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I have no income to reface or replace my cabinets in my kitchen professionally. They are 36 year old pressed wood with plastic veneer over the top. They were badly painted white about 15 years ago. What can I do to update them?
My husband said he could cut new pressed wood and possibly buy wood veneer and re-face them himself. Has anyone done this? I have searched the net and can't find anyone who did this ?
By janis walter from Fort Myers
For wood veneer, yes, you can do this but you need to use a special glue (not rubber cement) or the veneer can easily warp (I saw this happen on TV). Go to a place that sells hobby wood (look up "wood" in the yellow pages) & ask them or give them a call. You could take your cabinet door off, then use it as a pattern to cut the wood then after he glues on the veneer he needs to use a router to finish& cut around the edges.
I'll also give you some other (mostly) low cost ideas that I've been thinking of using for my VERY cheaply made mobile home cabinets that were painted a nasty bright pink when I moved in:
1) Matting: I also saw thin on TV. Cover them with cane or woven matting & trim the edges with a thin wood trim (like a frame around the matting) You'd have to seal them with a clear varathine, probably water-based. The ones I saw on TV were absolutely gorgeous! You can even use a woven or bamboo type rug.
2) Placemat: Hang large rectangle Placemats on the front. Like woven or placemats made of bamboo strips. Cover edges with wood strips or molding.
3) Picture Frames: 11" x 14" or larger wood picture frames (maybe from a dollar store) each hung after painting the cabinet with a wood colored paint, or white cabinets with white frames. Inside the frames you either put old fruit or botanical type prints or wallpaper.
4) Cover with Paper: Use gift wrap or wallpaper: woven-look or any simple tiny classy print... You decoupage the gift wrap on.
5) Cover with Fabric: Same thing, decoupage it on with white glue mixed with water.
6) Add Molding & Paint: Re-paint but add some nice molding around the edges or in form the edges 2 or 3 inches.
7) Antiqued Look: Do a streaked or "antique" look or a decorative type painting on them.
8) Hammerite Paint: Use Hammerite. for a metallic brass or stainless look. It's oil based so very smelly!
9) Flashing: Cover with copper roofing flashing or punched tin or Aluminum roof flashing. The copper roof flashing is very thin & bends easily, so you can wrap it around the edges of the cabnets.
10) Stainless Veneer: They sell a stick-on stainless steal veneer. It has a stick-on backing & looks wonderful (I also saw this on TV).
11) Cut Outs: Cut out rectangles in the center then frame the edges of the outside of the rectangle cut-outs in simple wood molding then behind the hold tack or hang metal grating (made to cover radiators) punched tin, screening, clear glass, frosted Plexiglas, fake stained-glass, or mirror.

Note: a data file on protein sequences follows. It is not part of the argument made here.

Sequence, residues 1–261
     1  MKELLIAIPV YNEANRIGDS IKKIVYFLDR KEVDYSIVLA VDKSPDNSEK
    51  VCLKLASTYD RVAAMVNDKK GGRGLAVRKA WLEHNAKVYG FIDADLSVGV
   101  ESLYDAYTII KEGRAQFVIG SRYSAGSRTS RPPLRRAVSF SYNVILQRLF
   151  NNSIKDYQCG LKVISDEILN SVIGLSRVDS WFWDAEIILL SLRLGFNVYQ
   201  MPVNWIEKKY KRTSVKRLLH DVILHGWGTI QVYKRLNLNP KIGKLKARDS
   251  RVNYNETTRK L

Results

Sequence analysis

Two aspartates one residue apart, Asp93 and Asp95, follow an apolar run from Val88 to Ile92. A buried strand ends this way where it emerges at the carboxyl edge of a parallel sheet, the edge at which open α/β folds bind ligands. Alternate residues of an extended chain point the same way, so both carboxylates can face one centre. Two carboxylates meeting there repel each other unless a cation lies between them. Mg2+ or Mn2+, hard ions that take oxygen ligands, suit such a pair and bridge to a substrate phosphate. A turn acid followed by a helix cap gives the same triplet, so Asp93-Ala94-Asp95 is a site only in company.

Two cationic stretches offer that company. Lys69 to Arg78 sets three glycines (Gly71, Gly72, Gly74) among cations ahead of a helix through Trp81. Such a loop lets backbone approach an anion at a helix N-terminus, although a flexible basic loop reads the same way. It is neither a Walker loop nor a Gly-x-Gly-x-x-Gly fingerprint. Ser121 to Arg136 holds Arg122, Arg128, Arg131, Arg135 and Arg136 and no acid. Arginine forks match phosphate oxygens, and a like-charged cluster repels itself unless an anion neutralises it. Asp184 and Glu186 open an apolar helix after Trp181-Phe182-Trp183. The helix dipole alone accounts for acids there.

12) Framed Mirrors: Hang framed mirrors on the front (like the frames above #3 above) only mirrors instead.
13) Fake Leather: a fake "leather" look done with tissue paper.
14) Faux Paint: paint then do a faux-wood frame that looks framed but is really only highlights (you could do this with a stencil.
15) Stencil, but instead of gaudy colors, just do a light & dark "shadow" or reverse-shadow effect; like white on off white cabinets or light brown on medium brown in simple frames or shapes around the edges.
16) Paint: Use a foam roller & a high quality brush... Wash cabinets well first then wipe them down with rubbing alcohol & an old T-shirt rag, then prime & use 100% acrylic paints.
17) Wood veneer: Your wonderful idea!
18) Melamine Veneer: For an easy to clean surface, melamine will do the trick! Much cheaper than the wood veneer. Easier to hang but not nearly as nice looking as wood (in my eyes).
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Is it possible to reface cabinets by simply flipping the cabinet doors over and re-hinging them? Someone told me that they heard of this, but I can't find any instructions on the internet.
By Rachel Whitcomb from Oklahoma City, OK
I guess, but it depends how they are hinged. If the hinge is the simple two piece type, fixed to the "edge" of the door, then all you need to do is turn the hinge around. Remember, the door on the left will become the right side door. If you only have one door on a cabinet, then you can turn it over, but the hole(s) for the handle would then be at the top.
If the hinges are fixed to the inside of the door, then you will have holes on the outside. It might be easier to repaint the doors instead. Can you take a photo of a cabinet and door? It would be easier to make suggestions if we can see the original door arrangement.
Here is the cabinet door. The carving looks very dated to me, so I'd like to do more than paint. (04/24/2009)
And this is a picture of the inside hinge. My thought was to re-hang the hinges, fill in the holes (isn't there a wood filler?) and paint. That way I have a smooth surface on the outside of the cabinets. (04/24/2009)
I would not recommend flipping your cabinets. The first time someone opens one they will be sorely surprised at the lack of effort put into updating your kitchen. What you should do (and this is very inexpensive) is get a sheet of 1/4 inch plywood (about $40 a sheet and you should only need one sheet). Make sure it is a smooth plywood and cut a rectangle large enough to cover the carving details on your current cabinets. Center it and glue it down.
Now, get some trim pieces that have a 1/4 inch bevel already inset, measure your lengths and cut the corners on 45s. Glue and nail the trim around the edges of the 1/4 inch ply that you have already glued to the door. Run a bead of caulk around the inside of the trim where it meets the 1/4 ply and smooth out with your finger. Paint and viola! New cabinet doors. (05/04/2009)